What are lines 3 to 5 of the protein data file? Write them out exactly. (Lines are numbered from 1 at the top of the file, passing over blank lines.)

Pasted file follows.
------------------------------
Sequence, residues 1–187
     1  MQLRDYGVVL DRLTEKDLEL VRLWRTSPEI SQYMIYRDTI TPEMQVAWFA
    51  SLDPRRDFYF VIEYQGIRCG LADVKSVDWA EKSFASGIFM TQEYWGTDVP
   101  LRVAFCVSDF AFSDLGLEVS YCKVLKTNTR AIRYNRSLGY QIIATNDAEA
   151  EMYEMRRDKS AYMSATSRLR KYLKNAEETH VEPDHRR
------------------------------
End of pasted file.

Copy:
    51  SLDPRRDFYF VIEYQGIRCG LADVKSVDWA EKSFASGIFM TQEYWGTDVP
   101  LRVAFCVSDF AFSDLGLEVS YCKVLKTNTR AIRYNRSLGY QIIATNDAEA
   151  EMYEMRRDKS AYMSATSRLR KYLKNAEETH VEPDHRR